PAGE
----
How many books do you have out?
Six, altogether. In addition to the three in the Annals of Alasia, I’ve put together three Kindle anthologies of my students’ poetry. Each time, I’ve collected the best poems from each student in the class and compiled them. The students worked together to create a dedication and acknowledgements, and some of them designed the covers. Then they voted on a charity to which we would donate the proceeds. It’s been a wonderful experience for my last three classes of fifth graders!
What is your favorite character?
That’s like asking a parent which of her children is her favorite! They’re all special to me in different ways. But I’ll tell you about one of the characters I feel I’ve gotten to know better as I wrote this book. His name is Dannel, and he’s actually a villain. I wouldn’t want to meet him in real life, but he’s so much fun to write about! He’s clever, conniving, has a sense of humor, loves the thrill of danger, and does whatever it takes to make as much money as he can from whomever he can. Oh, and he has no moral standards to speak of. I’ve had a lot of fun working with Dannel’s character in King of Malorn, too.
Tell us a little about your “real” (Non-writing) life — family, job, church life. Does it give you inspiration for your writing? Does it get in the way of your writing, or are there times when you get help from people or circumstances?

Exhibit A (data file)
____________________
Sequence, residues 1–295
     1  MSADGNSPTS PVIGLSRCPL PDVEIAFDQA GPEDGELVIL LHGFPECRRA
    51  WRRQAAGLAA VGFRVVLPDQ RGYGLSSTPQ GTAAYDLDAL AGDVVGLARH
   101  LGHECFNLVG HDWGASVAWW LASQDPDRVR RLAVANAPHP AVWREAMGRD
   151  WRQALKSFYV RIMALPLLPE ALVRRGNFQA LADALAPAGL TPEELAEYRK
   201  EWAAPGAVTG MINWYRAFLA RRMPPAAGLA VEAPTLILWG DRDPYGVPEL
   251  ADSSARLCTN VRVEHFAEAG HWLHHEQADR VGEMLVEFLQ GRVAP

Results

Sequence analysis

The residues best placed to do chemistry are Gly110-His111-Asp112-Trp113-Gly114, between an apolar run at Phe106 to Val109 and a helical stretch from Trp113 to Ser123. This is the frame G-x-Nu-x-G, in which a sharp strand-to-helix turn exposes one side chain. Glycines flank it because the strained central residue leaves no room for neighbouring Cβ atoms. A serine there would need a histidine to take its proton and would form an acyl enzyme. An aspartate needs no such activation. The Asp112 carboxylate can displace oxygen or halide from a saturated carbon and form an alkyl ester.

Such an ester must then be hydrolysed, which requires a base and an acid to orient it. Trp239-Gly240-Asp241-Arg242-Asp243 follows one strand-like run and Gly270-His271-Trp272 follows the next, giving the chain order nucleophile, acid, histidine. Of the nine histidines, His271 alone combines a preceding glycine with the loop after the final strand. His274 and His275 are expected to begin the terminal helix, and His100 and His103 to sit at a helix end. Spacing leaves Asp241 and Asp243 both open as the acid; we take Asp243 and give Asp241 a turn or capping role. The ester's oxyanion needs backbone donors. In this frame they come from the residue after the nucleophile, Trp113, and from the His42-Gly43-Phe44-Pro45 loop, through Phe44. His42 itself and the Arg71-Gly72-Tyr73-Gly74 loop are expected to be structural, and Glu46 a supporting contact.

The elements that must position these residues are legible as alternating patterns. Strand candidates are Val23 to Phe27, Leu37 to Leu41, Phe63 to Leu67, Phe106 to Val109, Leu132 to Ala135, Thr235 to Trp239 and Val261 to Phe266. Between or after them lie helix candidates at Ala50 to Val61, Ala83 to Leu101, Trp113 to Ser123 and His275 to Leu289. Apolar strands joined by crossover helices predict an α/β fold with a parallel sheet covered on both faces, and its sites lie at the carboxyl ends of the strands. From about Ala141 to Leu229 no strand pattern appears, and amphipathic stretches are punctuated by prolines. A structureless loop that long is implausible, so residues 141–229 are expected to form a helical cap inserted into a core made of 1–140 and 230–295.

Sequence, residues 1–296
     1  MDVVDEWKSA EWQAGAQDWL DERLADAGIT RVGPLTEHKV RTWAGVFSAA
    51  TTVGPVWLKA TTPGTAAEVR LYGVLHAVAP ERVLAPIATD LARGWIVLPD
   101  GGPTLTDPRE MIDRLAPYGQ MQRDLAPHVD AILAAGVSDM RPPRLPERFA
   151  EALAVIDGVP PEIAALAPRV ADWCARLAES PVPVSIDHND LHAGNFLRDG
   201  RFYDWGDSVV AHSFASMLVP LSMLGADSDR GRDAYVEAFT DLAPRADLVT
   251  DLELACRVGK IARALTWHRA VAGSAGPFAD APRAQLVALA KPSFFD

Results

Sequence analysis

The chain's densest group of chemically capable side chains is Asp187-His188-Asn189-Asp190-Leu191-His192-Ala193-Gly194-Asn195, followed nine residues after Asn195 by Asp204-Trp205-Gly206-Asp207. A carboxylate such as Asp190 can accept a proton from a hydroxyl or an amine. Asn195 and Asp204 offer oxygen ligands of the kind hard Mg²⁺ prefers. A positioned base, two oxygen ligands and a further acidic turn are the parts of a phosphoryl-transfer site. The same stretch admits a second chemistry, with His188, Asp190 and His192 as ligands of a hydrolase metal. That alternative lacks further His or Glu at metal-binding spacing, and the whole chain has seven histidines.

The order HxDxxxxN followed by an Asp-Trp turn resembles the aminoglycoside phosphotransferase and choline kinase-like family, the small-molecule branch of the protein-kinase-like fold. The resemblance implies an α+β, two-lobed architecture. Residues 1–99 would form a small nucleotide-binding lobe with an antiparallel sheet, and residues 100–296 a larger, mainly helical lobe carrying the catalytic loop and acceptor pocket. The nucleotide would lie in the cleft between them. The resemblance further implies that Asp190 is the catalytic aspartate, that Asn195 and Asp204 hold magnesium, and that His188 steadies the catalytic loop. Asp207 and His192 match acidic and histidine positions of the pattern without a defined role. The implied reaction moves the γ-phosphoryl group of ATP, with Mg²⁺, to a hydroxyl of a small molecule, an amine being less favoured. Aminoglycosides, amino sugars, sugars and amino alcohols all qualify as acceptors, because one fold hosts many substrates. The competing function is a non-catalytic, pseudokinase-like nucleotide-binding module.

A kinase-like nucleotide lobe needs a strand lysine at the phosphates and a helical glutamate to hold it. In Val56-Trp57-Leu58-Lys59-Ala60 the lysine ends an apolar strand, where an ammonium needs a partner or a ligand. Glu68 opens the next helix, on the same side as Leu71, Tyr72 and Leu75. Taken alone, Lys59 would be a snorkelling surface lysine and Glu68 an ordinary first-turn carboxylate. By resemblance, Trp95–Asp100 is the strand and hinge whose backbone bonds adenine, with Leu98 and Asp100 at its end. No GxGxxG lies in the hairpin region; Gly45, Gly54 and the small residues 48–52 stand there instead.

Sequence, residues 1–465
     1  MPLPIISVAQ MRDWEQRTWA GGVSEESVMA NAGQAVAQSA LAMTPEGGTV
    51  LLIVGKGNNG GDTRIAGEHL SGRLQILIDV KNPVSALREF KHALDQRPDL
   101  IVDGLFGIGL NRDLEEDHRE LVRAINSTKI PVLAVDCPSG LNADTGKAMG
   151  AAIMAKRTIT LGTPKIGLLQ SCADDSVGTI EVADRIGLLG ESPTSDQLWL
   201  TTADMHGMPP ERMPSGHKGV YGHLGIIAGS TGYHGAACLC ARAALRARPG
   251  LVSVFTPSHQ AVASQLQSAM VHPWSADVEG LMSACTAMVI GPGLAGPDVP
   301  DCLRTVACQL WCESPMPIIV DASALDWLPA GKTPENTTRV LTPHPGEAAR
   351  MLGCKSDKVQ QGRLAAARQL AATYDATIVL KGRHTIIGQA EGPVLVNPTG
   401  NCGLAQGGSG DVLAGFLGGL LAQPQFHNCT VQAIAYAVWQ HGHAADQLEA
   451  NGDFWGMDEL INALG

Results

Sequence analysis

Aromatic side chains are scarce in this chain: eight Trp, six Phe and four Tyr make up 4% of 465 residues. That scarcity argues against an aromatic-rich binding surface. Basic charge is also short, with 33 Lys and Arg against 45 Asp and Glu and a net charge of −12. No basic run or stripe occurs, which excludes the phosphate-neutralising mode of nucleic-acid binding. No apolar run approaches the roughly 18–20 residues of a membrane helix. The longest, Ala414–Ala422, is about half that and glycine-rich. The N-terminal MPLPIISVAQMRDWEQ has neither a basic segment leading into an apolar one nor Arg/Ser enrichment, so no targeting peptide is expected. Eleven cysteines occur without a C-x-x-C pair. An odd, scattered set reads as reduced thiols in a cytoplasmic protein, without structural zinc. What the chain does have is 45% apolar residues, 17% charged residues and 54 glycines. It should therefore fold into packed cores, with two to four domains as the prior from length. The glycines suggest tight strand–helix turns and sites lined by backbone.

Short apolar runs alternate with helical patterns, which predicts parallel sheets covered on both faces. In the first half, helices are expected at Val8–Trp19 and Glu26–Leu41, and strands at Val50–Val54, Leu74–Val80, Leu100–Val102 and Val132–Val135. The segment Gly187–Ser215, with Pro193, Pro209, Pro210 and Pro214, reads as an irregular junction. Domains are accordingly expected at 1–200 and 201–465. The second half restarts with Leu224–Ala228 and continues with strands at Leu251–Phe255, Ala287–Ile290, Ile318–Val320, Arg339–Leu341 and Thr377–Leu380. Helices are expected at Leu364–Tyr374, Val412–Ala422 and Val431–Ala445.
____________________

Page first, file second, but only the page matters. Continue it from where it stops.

My husband and I live in Taiwan, where I teach 5th grade in a missionary school. We attend a bilingual (Chinese/English) church and very much enjoy life here. I love my job, but I must admit I wish it left me with more time for writing. In the evenings my brain is often so fried after a long day that I just can’t get much done, so most of my writing happens on weekends. But one thing I really enjoy is the fact that my students are at the right age (though at the younger end of the spectrum) to enjoy what I write. I read one or two of my books aloud to my class every year, and their feedback helps me polish and improve them. It’s really helped me see what kinds of scenes and characters appeal to readers of that age.
Do you have any interesting or funny writing quirks?